Restrict Tonga’s chances

Argentina have conceded an average of 12 penalties per match at this World Cup so far, and more than half of those have been in their own half, so handing a potential three points to their opponents.

Tonga missed 11 points from the kicking tee in Tuesday’s 35-21 win over Namibia, but full-back Vunga Lilo, who was taking the kicks, is not their normal marksman so the Pumas can’t count on a repeat of that carelessness.

Kurt Morath became Tonga’s top points-scorer of all time after coming off the bench against Namibia in Exeter and landing a penalty to take his career total to 318 (past Raymond Hola’s 317). Morath is back in the starting line-up for Sunday, so Tonga will be better placed to keep the scoreboard ticking over if Argentina don’t improve their discipline.


No way through: Argentina need to make their tackles against Tonga. (Photo: Inpho)

No way through: Argentina need to make their tackles against Tonga. (Photo: Inpho)

Get the basics right

Tonga have retained 100% of their scrum ball so far in the tournament, so Argentina will need to use their prowess there to gain any advantage. Both teams have been solid in the lineout but Argentina need to tighten up their tackling, as they have missed an average of 34 tackles per match. The fact they have played New Zealand, while Tonga haven’t yet met the tournament favourites, will have skewed that statistic, but Tonga have plenty of attacking strength, with dangerous runners like wing Telusa Veainu, who scored two tries against Namibia and made 193 metres with the ball and so can punish missed tackles.

Argentina go into Sunday’s game with a young centre partnership, Jeronimo De La Fuente and Matias Moroni, who have not played a Test in tandem before, but in a long tournament Juan Martin Hernandez and Marcelo Bosch can’t start every game, so the onus is on the new pair to step up to the plate and prove there is depth in this squad.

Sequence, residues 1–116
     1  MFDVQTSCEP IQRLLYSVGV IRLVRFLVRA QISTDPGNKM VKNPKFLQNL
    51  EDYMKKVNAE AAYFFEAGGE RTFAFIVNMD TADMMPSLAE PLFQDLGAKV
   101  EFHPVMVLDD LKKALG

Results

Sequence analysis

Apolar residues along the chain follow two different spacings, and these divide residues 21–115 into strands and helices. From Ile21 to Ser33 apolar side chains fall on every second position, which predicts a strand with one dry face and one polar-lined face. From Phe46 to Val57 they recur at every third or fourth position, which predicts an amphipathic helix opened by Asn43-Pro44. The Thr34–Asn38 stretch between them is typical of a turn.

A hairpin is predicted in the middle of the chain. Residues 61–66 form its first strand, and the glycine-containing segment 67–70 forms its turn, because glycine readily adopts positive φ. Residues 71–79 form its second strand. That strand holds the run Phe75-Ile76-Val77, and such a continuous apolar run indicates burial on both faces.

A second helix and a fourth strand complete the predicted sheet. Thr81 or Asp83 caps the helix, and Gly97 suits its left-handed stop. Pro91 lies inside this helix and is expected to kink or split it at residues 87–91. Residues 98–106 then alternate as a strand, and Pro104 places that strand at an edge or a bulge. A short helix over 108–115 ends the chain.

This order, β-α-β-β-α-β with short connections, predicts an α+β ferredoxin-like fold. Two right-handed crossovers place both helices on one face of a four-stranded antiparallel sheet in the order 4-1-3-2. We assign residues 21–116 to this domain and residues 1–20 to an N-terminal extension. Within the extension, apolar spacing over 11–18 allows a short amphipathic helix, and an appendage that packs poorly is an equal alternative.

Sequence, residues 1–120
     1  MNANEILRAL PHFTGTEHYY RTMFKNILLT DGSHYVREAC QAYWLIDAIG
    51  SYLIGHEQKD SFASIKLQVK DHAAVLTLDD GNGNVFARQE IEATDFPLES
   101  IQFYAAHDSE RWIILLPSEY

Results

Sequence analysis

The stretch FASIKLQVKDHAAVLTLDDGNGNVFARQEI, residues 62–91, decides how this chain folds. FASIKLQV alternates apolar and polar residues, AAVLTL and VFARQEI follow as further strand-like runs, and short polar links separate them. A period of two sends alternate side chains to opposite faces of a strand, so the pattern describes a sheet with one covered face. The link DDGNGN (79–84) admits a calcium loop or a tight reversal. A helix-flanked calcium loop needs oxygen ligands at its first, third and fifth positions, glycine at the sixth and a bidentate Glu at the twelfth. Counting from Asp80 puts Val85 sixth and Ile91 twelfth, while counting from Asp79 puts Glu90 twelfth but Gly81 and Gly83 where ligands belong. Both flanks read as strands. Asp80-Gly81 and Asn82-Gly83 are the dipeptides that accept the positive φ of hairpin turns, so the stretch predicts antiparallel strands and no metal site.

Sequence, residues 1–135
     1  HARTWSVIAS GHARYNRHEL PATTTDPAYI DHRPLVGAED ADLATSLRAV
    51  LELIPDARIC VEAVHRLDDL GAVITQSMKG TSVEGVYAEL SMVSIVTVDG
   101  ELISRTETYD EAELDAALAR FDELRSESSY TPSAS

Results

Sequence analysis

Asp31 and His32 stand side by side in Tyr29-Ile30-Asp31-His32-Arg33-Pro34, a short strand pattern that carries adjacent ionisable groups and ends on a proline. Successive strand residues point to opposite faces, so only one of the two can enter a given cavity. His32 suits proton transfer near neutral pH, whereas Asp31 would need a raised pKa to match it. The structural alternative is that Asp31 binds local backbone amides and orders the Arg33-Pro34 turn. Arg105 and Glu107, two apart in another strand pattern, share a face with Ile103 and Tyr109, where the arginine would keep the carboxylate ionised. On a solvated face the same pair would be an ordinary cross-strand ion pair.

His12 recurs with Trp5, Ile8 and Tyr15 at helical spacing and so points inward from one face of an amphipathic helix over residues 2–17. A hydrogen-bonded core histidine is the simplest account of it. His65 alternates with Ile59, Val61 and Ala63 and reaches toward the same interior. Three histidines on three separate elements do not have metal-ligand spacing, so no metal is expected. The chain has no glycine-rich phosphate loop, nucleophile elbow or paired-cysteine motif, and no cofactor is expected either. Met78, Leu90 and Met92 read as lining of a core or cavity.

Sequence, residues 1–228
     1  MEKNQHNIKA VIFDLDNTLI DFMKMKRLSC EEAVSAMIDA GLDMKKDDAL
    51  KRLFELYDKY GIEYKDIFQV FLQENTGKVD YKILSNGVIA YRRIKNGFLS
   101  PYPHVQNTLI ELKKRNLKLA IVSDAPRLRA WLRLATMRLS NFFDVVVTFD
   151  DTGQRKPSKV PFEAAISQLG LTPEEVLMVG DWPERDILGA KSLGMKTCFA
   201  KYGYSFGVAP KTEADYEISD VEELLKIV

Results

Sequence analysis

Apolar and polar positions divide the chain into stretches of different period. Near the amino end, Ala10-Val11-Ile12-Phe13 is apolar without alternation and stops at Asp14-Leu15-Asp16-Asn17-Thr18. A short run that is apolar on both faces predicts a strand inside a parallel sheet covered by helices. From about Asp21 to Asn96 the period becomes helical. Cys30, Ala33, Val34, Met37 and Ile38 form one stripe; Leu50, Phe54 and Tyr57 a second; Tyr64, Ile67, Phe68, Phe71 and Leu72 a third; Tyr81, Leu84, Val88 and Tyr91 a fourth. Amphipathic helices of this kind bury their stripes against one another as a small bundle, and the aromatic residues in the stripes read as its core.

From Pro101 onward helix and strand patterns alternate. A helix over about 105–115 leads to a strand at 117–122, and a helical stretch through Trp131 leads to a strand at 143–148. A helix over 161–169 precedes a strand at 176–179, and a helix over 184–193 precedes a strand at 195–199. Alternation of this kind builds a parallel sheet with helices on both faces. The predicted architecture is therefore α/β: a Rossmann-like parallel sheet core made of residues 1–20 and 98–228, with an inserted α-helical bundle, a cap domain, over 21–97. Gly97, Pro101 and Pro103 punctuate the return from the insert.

Give the fans something to sing about

Despite economic problems at home, Argentina fans have flown across the globe in their thousands to support their team and they really got behind them during the second half against Georgia at Kingsholm, jumping up and down in the grandstands as well as the Shed, singing, chanting and celebrating as each try went in.

Prop Marcos Ayerza said: “We weren’t expecting so many fans from Argentina and this was really important, especially at key moments of the game, and we could feel the crowd behind the team.”

Crowd control: If the Pumas get their fans singing, they will be onto a winner. (Photo: Getty Images)

Crowd control: If the Pumas get their fans singing, they will be onto a winner. (Photo: Getty Images)

Skipper Creevy said the atmosphere in the close confines of Kingsholm was even better than when they had played in front of nearly 90,000 fans at Wembley a few days earlier. “Today was like playing in an Argentinian stadium full of Argentina fans cheering us on. This was very beautiful. The fans helped us in this game. They were pushing us forward.”

If Creevy and his team can give their supporters something to sing about early in the game on Sunday, they will undoubtedly out-shout the Tongan fans.